Persona studies is an emerging area of cross-disciplinary study that investigates the presentation of the self and the masks that we use as we construct ourselves in real and virtual settings and worlds. It is an exploration of the public self and how these versions of identity come to prominence in contemporary culture. It acknowledges that we all negotiate and construct personas that we deploy and employ in work and professional environments as much as in our recreational and leisure activities: much of the emerging work in persona studies is closer studies of these particular settings and how they help frame our public selves. The field of study has antecedents that connect its work to the study of celebrity and public personalities, performance studies, media and cultural studies and game identity work, biographical research, life-writing and autobiography work along with Internet studies, communication studies, cultural anthropology, social psychology, sociology and philosophy of the self and gender studies. It has further links with areas that also look at reputation and impression management and the critical investigation of branding, self-branding and the ‘quantified self’. The journal’s intentions are to facilitate an intellectual exchange, debate and discussion around persona and its constitution. It is an invitation to investigate its varied manifestations, its patterning in contemporary culture, its differentiation in different technological and cultural settings, and its conceptual and material significance and value.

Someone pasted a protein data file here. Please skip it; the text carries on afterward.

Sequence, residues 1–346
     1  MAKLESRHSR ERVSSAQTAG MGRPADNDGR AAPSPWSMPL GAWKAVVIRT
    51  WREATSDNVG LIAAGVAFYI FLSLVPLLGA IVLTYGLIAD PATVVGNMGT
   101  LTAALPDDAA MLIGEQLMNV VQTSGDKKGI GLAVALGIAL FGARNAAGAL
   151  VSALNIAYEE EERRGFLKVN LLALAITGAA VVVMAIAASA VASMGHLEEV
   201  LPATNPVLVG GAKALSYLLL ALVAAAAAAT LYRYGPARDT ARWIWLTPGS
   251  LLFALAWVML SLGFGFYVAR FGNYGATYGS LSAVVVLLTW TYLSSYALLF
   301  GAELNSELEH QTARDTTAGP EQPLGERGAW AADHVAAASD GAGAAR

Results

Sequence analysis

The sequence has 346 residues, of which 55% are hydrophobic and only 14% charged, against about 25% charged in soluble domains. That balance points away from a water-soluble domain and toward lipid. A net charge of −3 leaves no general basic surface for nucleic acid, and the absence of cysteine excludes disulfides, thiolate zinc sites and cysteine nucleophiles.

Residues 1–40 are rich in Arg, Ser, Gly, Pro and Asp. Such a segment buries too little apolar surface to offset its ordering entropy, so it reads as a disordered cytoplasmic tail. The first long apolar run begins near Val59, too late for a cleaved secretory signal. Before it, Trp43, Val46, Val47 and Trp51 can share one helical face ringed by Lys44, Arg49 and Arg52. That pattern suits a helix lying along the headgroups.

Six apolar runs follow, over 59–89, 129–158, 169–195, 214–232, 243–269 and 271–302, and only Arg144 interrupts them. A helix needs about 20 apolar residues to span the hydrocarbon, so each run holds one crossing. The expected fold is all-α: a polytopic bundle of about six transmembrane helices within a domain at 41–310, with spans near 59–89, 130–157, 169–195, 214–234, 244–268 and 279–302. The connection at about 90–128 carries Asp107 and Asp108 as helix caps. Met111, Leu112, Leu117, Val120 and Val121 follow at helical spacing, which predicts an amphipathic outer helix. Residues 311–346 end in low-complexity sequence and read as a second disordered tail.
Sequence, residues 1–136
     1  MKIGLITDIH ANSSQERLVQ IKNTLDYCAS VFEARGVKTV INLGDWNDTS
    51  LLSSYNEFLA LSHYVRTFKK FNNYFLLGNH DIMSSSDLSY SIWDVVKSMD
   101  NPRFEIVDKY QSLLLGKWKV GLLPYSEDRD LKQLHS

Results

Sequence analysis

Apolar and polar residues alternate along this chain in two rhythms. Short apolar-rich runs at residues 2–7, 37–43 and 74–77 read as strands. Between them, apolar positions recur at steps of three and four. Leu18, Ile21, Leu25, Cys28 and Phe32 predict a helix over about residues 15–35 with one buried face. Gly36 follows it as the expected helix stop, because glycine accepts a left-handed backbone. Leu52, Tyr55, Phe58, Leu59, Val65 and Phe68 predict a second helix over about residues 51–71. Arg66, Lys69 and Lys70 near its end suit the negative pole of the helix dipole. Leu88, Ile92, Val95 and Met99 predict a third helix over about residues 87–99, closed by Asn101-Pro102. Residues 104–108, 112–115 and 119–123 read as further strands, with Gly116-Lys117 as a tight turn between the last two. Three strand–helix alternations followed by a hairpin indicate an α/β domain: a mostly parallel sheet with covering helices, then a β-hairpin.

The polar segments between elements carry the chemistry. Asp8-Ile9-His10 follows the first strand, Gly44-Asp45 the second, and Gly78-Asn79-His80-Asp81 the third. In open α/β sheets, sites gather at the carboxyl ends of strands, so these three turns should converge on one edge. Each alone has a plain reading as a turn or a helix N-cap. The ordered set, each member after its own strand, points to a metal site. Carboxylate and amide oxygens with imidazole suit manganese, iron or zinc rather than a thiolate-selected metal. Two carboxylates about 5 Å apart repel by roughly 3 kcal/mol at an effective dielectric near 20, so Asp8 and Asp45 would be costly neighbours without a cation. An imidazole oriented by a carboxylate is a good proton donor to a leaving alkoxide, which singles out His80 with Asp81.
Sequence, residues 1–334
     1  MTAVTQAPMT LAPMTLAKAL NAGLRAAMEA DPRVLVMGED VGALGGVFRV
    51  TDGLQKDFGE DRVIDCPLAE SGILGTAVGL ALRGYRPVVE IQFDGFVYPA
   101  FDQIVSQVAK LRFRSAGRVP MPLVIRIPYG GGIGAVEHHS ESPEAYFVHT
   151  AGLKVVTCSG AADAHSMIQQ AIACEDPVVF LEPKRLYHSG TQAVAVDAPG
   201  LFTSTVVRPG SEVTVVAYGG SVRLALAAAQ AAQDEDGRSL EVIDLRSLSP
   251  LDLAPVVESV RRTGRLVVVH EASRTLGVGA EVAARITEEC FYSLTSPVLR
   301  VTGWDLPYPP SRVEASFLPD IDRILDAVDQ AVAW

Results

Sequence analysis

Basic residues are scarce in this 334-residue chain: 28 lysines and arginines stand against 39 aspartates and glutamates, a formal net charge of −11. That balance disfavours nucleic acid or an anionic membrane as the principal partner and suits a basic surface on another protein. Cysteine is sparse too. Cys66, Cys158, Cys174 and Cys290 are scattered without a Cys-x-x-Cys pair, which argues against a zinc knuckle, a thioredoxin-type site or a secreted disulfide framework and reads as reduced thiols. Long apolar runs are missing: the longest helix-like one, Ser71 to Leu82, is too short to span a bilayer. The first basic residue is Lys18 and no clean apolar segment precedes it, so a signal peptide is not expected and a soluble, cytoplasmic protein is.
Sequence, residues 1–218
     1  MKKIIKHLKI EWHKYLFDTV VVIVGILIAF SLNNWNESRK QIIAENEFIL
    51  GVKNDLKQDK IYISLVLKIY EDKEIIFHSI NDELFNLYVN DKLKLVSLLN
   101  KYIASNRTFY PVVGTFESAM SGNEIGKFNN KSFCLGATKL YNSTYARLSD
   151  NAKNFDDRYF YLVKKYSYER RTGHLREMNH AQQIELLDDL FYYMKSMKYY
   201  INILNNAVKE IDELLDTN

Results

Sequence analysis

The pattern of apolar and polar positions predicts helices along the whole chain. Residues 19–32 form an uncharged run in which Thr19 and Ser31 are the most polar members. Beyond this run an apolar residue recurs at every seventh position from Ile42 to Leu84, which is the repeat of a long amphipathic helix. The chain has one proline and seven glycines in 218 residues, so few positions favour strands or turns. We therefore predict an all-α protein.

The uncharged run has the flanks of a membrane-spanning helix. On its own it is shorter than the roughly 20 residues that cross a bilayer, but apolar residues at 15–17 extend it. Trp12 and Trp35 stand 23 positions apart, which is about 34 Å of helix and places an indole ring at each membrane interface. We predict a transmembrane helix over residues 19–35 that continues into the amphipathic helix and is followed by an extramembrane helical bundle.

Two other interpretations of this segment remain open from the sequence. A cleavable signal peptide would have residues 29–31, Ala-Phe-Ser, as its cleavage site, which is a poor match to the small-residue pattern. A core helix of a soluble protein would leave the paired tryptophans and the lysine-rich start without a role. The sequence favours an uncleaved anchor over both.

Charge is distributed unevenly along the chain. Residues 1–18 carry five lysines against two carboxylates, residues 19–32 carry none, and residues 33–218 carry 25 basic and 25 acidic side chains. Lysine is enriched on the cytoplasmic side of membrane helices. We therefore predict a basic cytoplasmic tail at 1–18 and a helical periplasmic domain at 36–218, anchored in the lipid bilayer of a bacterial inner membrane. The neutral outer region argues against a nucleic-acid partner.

To gain a further sense of what constitutes persona studies, please see the recent special persona themed issue of M/C – Journal of Media and Culture.
Written paper submissions:
In the first instance, submit a 250-300 word abstract to firstname.lastname@example.org, with ‘Full Paper’ in the subject line, by 8 December 2014. You will be notified to proceed to a full length paper within a week of abstract submission. For guidelines on the preparations of your full paper, see Author Guidelines: